Our assumption that monsoon / winter months, would contain Algae growth proved incorrect. Due to the Algae, our sand filters would often get choked with thick green sludge resulting in pressure variance between inlet and outlet valves and stress on the filter.

 The big 'green' problem

Finally, it was decided to take the bull by the horns. 8 columns were erected on the perimeter of our tanks and one in the center to help support a canopy. Shadenet (75%) was re-purposed to form a canopy over the pillars. Additional flaps were designed on four sides to prevent any direct sunlight penetration during sunrise and sunset. Initially, we thought this solution may be excessive in effort and limited in impact but we were determined to give this a try.

Wire was streteched along the perimter and diagonals of the tank. 
                                                         Shadenet was stiched to the wire.  

Cool, clear waters. Note the brick is visible in 5 feet depth

Side flaps were stitched in the end to further reduce penetration of sun rays

 A week after the shadenet implementation, crystal clear water can be seen in the tanks. Algae growth has been almost completely eliminated. We are keeping our fingers crossed that this solution shall prevail. In the coming months, with the onset of summer, we will have a better idea how the shadenets hold up and to what extent our localized ingenuity worked.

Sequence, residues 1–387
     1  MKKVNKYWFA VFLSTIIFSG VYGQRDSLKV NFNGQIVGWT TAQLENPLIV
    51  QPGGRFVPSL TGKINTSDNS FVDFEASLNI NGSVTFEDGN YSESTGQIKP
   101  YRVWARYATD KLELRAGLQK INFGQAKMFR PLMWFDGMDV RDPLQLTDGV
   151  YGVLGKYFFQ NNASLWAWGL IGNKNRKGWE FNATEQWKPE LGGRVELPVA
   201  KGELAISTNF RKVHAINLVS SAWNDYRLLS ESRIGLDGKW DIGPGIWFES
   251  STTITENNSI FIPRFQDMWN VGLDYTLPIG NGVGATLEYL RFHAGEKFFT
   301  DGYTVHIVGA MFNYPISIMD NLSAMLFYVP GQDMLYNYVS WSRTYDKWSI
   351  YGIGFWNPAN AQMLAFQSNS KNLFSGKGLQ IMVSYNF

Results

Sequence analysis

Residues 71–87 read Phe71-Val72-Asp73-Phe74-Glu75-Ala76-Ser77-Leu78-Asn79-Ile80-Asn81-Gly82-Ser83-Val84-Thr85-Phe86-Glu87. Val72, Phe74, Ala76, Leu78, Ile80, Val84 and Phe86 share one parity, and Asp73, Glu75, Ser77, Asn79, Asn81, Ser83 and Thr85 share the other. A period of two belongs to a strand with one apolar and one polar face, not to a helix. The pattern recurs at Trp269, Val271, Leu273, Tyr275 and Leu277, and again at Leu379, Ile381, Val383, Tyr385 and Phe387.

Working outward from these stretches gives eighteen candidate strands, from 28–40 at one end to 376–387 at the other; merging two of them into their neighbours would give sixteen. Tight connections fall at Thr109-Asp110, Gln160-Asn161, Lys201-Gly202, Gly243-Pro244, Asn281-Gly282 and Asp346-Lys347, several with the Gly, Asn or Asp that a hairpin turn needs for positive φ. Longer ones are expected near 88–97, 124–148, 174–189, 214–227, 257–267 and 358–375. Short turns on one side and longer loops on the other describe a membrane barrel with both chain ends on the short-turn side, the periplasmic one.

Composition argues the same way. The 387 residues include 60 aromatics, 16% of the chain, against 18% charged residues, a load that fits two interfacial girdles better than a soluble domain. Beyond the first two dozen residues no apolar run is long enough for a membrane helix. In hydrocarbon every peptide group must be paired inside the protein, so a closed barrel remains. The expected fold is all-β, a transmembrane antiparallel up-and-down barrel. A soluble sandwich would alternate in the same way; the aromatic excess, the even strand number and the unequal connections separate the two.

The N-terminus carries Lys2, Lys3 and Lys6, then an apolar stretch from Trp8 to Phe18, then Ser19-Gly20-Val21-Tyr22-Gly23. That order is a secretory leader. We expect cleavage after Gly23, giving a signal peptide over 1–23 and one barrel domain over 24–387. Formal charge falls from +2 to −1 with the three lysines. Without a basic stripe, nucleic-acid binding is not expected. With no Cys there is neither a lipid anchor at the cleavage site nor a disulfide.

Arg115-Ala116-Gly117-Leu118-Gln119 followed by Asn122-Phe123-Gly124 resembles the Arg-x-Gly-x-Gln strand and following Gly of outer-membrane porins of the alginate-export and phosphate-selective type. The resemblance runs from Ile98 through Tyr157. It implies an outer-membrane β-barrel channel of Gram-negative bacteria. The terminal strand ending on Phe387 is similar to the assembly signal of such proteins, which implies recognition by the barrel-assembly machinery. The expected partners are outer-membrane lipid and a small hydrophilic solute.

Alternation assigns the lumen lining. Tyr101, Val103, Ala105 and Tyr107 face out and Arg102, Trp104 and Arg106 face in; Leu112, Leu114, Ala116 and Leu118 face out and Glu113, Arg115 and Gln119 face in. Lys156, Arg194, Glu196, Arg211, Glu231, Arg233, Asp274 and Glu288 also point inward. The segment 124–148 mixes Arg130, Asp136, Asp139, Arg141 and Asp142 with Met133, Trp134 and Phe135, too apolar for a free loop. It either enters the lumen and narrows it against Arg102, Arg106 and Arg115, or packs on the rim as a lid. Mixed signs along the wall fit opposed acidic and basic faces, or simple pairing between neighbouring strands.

Saturday, January 4, 2014

Best wishes for a great 2014!

As the past year fades away, we wish for our friends, supporters and partners-in-passion a new year which brings with it new hope and greater resolve. May 2014 be another year when each of us grows in our pursuits, reach great heights and accomplish the goals which escaped us in the year past.

For us 2013 was a year when Techie2Aggie blossomed as a channel for Savera Farms to seek collaborators, connect with future partners and establish a meaningful trade networks. We knew that our readers are often from locations far, far away from Sivagangai and even India. A few days, before new years day, we sat down to look at our Cluster Map for 2013 and were fascinated by the expanse of nations which had visited Techie2Aggie. Appreciating the power and reach of internet was never more tangible for us.

To everyone who has been an active participant on this blog, we thank you. We always look for community engagement and reader feedback to our postings. Many of you respond with great questions and hopefully we were able to answer a few of them. Some of you provided us practical advice and guided us towards better operations, again we appreciate the engagement and support.

Let's keep it going for the 5th year in a row!